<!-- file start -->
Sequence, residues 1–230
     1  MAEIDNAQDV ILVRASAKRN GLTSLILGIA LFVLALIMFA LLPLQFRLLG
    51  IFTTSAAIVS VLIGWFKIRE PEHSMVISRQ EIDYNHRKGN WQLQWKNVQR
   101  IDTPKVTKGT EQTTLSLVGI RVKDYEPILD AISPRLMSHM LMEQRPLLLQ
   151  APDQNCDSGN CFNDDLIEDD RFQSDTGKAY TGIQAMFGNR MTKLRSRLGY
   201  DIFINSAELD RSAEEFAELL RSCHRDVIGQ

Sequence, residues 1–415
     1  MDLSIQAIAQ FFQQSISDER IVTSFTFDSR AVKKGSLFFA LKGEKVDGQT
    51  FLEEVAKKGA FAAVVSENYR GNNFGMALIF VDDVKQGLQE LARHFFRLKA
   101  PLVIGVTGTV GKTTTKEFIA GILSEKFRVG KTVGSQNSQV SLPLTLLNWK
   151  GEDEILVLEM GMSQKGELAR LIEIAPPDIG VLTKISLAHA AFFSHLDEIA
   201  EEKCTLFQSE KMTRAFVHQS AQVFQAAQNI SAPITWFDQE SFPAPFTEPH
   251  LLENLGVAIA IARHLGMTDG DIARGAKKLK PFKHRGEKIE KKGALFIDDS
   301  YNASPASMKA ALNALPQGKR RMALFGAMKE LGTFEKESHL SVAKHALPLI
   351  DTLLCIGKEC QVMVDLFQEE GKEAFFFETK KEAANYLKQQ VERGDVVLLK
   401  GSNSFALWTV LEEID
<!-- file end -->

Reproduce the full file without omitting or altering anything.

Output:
Sequence, residues 1–230
     1  MAEIDNAQDV ILVRASAKRN GLTSLILGIA LFVLALIMFA LLPLQFRLLG
    51  IFTTSAAIVS VLIGWFKIRE PEHSMVISRQ EIDYNHRKGN WQLQWKNVQR
   101  IDTPKVTKGT EQTTLSLVGI RVKDYEPILD AISPRLMSHM LMEQRPLLLQ
   151  APDQNCDSGN CFNDDLIEDD RFQSDTGKAY TGIQAMFGNR MTKLRSRLGY
   201  DIFINSAELD RSAEEFAELL RSCHRDVIGQ

Sequence, residues 1–415
     1  MDLSIQAIAQ FFQQSISDER IVTSFTFDSR AVKKGSLFFA LKGEKVDGQT
    51  FLEEVAKKGA FAAVVSENYR GNNFGMALIF VDDVKQGLQE LARHFFRLKA
   101  PLVIGVTGTV GKTTTKEFIA GILSEKFRVG KTVGSQNSQV SLPLTLLNWK
   151  GEDEILVLEM GMSQKGELAR LIEIAPPDIG VLTKISLAHA AFFSHLDEIA
   201  EEKCTLFQSE KMTRAFVHQS AQVFQAAQNI SAPITWFDQE SFPAPFTEPH
   251  LLENLGVAIA IARHLGMTDG DIARGAKKLK PFKHRGEKIE KKGALFIDDS
   301  YNASPASMKA ALNALPQGKR RMALFGAMKE LGTFEKESHL SVAKHALPLI
   351  DTLLCIGKEC QVMVDLFQEE GKEAFFFETK KEAANYLKQQ VERGDVVLLK
   401  GSNSFALWTV LEEID